Clinical research with transcranial direct current stimulation (tDCS): challenges and future directions. Brain Stimul

Department of Neurosciences and Behavior, Institute of Psychology, University of São Paulo, São Paulo, Brazil.
Brain Stimulation (Impact Factor: 4.4). 04/2011; 5(3):175-95. DOI: 10.1016/j.brs.2011.03.002
Source: PubMed

ABSTRACT BACKGROUND: Transcranial direct current stimulation (tDCS) is a neuromodulatory technique that delivers low-intensity, direct current to cortical areas facilitating or inhibiting spontaneous neuronal activity. In the past 10 years, tDCS physiologic mechanisms of action have been intensively investigated giving support for the investigation of its applications in clinical neuropsychiatry and rehabilitation. However, new methodologic, ethical, and regulatory issues emerge when translating the findings of preclinical and phase I studies into phase II and III clinical studies. The aim of this comprehensive review is to discuss the key challenges of this process and possible methods to address them. METHODS: We convened a workgroup of researchers in the field to review, discuss, and provide updates and key challenges of tDCS use in clinical research. MAIN FINDINGS/DISCUSSION: We reviewed several basic and clinical studies in the field and identified potential limitations, taking into account the particularities of the technique. We review and discuss the findings into four topics: (1) mechanisms of action of tDCS, parameters of use and computer-based human brain modeling investigating electric current fields and magnitude induced by tDCS; (2) methodologic aspects related to the clinical research of tDCS as divided according to study phase (ie, preclinical, phase I, phase II, and phase III studies); (3) ethical and regulatory concerns; and (4) future directions regarding novel approaches, novel devices, and future studies involving tDCS. Finally, we propose some alternative methods to facilitate clinical research on tDCS.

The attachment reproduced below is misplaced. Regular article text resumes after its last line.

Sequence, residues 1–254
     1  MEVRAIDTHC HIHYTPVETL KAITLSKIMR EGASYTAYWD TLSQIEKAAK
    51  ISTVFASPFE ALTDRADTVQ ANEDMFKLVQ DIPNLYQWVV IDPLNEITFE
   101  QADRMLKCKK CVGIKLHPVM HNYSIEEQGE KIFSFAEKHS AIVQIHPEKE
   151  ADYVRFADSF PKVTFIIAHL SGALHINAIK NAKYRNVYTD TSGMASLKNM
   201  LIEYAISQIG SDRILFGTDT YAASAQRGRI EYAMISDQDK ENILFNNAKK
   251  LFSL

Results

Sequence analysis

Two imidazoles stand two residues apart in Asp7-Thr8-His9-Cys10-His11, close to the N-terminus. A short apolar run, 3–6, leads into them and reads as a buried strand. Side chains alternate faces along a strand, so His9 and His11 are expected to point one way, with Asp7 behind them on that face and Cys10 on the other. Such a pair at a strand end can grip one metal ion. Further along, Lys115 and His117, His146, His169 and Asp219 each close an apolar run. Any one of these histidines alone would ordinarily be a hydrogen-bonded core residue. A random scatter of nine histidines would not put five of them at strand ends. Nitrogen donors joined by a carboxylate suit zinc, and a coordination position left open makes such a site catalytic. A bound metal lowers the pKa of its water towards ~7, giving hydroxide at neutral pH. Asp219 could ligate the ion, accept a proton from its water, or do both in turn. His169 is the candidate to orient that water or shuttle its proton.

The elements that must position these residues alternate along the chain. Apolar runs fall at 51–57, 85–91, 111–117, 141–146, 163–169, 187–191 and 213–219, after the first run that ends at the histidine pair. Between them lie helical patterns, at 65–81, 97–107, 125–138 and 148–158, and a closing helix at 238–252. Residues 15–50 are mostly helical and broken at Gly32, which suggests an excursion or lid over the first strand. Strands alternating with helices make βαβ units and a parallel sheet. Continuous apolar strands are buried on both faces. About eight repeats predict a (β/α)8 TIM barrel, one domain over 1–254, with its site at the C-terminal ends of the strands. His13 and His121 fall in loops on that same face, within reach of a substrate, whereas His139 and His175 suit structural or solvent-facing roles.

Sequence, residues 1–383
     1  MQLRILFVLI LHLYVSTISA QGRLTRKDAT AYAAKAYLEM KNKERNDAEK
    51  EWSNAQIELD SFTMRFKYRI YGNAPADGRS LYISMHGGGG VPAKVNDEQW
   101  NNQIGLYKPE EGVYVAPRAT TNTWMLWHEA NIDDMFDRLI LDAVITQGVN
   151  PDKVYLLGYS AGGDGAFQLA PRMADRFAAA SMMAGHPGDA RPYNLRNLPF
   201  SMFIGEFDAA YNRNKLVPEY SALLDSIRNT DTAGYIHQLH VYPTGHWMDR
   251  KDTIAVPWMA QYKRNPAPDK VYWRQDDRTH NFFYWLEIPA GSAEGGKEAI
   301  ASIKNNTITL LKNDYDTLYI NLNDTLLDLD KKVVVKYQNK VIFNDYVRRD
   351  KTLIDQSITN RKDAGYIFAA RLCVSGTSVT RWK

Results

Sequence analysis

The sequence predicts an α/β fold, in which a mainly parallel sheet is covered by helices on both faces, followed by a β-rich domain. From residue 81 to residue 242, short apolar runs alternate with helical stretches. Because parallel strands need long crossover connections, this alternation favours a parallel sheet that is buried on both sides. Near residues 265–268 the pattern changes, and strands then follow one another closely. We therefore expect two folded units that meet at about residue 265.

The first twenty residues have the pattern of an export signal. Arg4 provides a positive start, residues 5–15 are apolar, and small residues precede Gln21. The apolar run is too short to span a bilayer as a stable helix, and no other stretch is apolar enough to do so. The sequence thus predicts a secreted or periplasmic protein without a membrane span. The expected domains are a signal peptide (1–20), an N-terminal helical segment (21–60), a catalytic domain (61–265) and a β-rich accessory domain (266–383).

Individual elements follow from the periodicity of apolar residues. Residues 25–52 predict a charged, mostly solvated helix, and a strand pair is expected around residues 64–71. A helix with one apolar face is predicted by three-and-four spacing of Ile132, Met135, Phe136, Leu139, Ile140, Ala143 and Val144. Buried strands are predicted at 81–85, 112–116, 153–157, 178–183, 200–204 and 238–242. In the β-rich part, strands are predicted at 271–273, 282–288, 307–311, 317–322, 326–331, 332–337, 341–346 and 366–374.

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Article: Clinical research with transcranial direct current stimulation (tDCS): challenges and future directions. Brain Stimul

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    • "Stimulation of constant current is widely used in the field of non-invasive brain stimulation, with particular interest directed towards research related to the recovery of motor function after stroke, treatment of depression, chronic pain, and several neurological and psychiatric condition, as well as modulation of various cognitive function (e.g. attention, working memory) [1]. A special problem during electrical stimulation is the current regulation. "
    Dataset: ELS-3
    • "These authors found evidence of homeostatic plasticity only in a group that was given anodal tDCS over M1 in combination with another excitatory manipulation, pre-treatment with a partial N-methyl-D-aspartate receptor agonist. There has been considerable interest in the use of anodal tDCS as an adjunctive therapy to facilitate functional rehabilitation following brain injury, with some evidence that it can promote recovery of upper-limb function (reviewed by Brunoni et al., 2012; Vallar & Bolognini, 2011). Attention has been drawn recently to using action observation to promote motor rehabilitation (Sale & Franceschini, 2012; Small et al., 2012, 2013). "